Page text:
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un·​bal·​ance ˌən-ˈba-lən(t)s How to pronounce unbalance (audio)
unbalanced; unbalancing

transitive verb

: to put out of balance


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: lack of balance : imbalance

Examples of unbalance in a Sentence

Verb If too many people stand up, it will unbalance the boat. The tax cuts have unbalanced the budget.
Recent Examples on the Web
The foreign objects that rest upon my shoulders and head weighed me down and unbalanced my weighty body. Brendan Le, Peoplemag, 4 Mar. 2024 And in medieval and early modern Europe, when impure blood was believed to unbalance the humors of the body and cause disease, the creatures were seen as solicitous helpers, ever ready to relieve a patient of their unwelcome plasma. Zoey Poll, New York Times, 16 Feb. 2024 Joseph Stalin happens to be funding their movie, a fact that unbalances their moral calculus. The New Yorker, 17 Nov. 2023 All of these groups were developing the self-confidence to challenge the prevailing Bible of Psychiatry, the DSM’s bleak litany of deficiencies unbalanced by their strength, and clearly needed an umbrella term for their common cause. Nancy Doyle, Forbes, 26 Aug. 2022 Surface use of bark won’t unbalance soil chemistry, whereas mixing bark into the soil will unbalance soil chemistry. oregonlive, 27 Feb. 2022 Two laps are enough to addle your brain and unbalance your equilibrium. Howard Walker, Robb Report, 11 Apr. 2023 The system has further affected a political polarization between upstate and down, city and country, that was already well underway before the first shovel of soil was removed, and which appears as a microcosm of the urban/rural polarity that continues to unbalance the nation as a whole. Phillip Lopate, The New York Review of Books, 16 Mar. 2023 Weighing only 23 pounds, this motor won’t unbalance your kayak when fixed to a mount that puts the eight-speed telescoping handle close at hand. Mark Hicks, Field & Stream, 13 Mar. 2023
Some of the factors include poor water quality; animals living in very deep water who detect the shore too late; unbalance and confusion created by Earth’s magnetic field changes; contamination by heavy metals such as mercury, cadmium or zinc; or contamination by compounds such as PCBs and DDTs. Maria Carolina Gallego-Iradi and David Borchelt, Discover Magazine, 15 Nov. 2017 Its automatic unbalance detection helps to minimize vibration during operation, and each cycle takes between 20 to 50 minutes. Camryn Rabideau, Popular Mechanics, 25 Jan. 2023 Directorial impulses that seem designed to ratchet up the audience-pleasing quotients of some of his most famous plays, but that in one way or another unbalance them and diminish their inherent power. Peter Marks, Washington Post, 22 July 2022 The two sides were (and still are) unlikely to come to terms given the unbalance in value. oregonlive, 2 Nov. 2021 There’s a fatal unbalance as Alex spins out, in a minutely detailed personal and professional crisis, over a character depicted in broad and not particularly artful strokes. Daniel D'addario, Variety, 17 Sep. 2021 No, the loss of the horizontal stabilizers would result in an severe aerodynamic unbalance. John Cox, USA TODAY, 21 Jan. 2021 Components of the gut flora are also involved in digesting certain foodstuffs containing complex carbohydrates, and an unbalance in the relevant microbial mix is implicated in obesity. The Economist, 17 Oct. 2020 For example notions like asymmetry, unbalance, anything which challenges that basic idea of speed for the sake of it, can now be desirable. Luke Leitch, Vogue, 2 Oct. 2020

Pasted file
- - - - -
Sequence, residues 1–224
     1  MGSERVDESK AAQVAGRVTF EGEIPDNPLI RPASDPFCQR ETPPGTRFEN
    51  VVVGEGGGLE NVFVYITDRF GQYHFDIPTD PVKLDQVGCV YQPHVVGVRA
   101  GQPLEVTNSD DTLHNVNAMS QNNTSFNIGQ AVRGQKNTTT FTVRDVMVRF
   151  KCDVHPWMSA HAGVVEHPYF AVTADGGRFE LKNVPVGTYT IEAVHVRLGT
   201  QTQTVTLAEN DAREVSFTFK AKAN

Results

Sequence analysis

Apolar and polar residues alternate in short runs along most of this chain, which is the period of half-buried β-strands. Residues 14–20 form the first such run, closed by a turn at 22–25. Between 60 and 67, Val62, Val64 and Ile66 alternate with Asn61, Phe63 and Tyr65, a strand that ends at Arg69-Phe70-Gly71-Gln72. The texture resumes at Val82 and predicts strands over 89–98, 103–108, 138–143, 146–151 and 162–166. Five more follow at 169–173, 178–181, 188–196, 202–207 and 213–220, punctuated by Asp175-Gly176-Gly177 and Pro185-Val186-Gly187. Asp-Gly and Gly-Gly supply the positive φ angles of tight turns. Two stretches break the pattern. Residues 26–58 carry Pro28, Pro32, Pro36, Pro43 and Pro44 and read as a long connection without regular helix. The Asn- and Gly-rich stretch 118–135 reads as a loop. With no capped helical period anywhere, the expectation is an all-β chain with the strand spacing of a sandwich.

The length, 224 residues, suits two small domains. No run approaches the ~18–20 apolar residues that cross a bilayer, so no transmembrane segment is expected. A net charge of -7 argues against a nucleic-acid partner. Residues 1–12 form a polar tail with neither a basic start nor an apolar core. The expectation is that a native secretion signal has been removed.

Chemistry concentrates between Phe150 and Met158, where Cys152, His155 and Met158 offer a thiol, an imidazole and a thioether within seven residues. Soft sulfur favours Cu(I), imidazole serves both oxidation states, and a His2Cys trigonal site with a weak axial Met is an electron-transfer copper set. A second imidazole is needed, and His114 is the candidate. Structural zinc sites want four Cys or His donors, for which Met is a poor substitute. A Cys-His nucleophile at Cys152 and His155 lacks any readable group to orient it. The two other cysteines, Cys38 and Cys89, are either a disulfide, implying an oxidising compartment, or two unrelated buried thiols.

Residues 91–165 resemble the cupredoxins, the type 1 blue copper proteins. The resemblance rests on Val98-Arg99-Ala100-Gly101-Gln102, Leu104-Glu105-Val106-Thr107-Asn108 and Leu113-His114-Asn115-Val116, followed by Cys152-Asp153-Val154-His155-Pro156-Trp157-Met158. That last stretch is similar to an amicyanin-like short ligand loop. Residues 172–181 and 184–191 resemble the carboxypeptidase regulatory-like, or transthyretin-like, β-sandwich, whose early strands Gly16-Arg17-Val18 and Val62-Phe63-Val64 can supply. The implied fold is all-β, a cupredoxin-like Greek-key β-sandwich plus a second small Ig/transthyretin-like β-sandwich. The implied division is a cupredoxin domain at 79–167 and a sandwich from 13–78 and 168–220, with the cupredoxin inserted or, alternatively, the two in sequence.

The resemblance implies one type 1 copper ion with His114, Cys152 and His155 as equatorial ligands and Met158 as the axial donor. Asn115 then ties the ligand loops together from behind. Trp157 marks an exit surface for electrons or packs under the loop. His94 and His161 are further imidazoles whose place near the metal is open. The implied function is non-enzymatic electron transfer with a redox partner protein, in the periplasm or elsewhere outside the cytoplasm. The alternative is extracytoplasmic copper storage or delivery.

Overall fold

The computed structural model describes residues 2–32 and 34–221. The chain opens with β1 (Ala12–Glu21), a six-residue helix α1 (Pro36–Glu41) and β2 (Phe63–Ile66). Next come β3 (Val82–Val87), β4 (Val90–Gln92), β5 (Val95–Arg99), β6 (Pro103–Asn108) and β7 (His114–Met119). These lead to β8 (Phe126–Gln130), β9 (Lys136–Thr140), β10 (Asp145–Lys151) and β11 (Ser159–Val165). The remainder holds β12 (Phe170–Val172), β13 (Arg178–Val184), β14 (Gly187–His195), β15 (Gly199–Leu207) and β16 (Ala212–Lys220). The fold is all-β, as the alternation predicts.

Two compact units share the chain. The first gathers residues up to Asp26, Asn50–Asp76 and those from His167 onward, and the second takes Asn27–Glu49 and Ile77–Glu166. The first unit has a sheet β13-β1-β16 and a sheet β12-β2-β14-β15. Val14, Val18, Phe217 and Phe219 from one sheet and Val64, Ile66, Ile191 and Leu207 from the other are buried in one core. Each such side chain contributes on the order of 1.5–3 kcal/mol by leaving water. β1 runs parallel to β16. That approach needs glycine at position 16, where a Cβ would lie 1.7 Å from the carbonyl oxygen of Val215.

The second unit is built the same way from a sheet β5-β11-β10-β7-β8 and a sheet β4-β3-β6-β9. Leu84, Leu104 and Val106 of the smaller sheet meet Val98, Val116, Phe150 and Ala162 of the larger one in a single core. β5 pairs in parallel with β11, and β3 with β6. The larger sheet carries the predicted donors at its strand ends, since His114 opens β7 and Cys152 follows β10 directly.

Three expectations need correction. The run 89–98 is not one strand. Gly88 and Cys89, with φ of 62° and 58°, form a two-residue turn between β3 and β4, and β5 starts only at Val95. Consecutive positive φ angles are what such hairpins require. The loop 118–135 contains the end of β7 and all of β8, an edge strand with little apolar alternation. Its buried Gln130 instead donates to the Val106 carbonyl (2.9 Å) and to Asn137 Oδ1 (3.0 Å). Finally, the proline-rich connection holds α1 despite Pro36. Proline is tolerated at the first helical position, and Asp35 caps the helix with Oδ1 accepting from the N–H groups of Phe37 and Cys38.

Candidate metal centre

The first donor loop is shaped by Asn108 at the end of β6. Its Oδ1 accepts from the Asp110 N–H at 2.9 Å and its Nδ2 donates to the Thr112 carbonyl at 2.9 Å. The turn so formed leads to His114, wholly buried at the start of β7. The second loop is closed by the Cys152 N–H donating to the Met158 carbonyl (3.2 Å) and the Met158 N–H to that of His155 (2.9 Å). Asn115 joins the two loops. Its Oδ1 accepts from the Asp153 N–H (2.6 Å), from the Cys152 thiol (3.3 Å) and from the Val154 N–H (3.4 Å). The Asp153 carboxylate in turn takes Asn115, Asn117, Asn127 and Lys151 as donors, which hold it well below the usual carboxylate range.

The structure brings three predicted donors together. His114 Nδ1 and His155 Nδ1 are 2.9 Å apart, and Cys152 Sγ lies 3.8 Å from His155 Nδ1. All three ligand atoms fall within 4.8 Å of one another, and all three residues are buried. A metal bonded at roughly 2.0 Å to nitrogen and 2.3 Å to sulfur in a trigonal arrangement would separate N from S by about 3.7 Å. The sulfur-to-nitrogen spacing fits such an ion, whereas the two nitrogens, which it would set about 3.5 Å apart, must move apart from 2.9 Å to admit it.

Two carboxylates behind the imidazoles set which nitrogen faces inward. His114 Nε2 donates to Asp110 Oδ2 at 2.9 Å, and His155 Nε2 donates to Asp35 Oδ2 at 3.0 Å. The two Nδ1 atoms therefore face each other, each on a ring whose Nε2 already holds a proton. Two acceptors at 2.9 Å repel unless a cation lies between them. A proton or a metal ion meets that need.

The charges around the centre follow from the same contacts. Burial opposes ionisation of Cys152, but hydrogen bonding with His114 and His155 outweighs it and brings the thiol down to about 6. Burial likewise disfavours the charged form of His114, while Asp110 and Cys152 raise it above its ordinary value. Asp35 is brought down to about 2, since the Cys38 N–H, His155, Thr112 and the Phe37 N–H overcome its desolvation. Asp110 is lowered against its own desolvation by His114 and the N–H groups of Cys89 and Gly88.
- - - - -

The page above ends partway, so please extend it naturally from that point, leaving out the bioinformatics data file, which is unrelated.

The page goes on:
These examples are programmatically compiled from various online sources to illustrate current usage of the word 'unbalance.' Any opinions expressed in the examples do not represent those of Merriam-Webster or its editors. Send us feedback about these examples.

Word History

First Known Use


1854, in the meaning defined above


1855, in the meaning defined above

Time Traveler
The first known use of unbalance was in 1854

Dictionary Entries Near unbalance

Cite this Entry

“Unbalance.” Merriam-Webster.com Dictionary, Merriam-Webster, https://www.merriam-webster.com/dictionary/unbalance. Accessed 23 May. 2024.

Kids Definition


: to put out of balance

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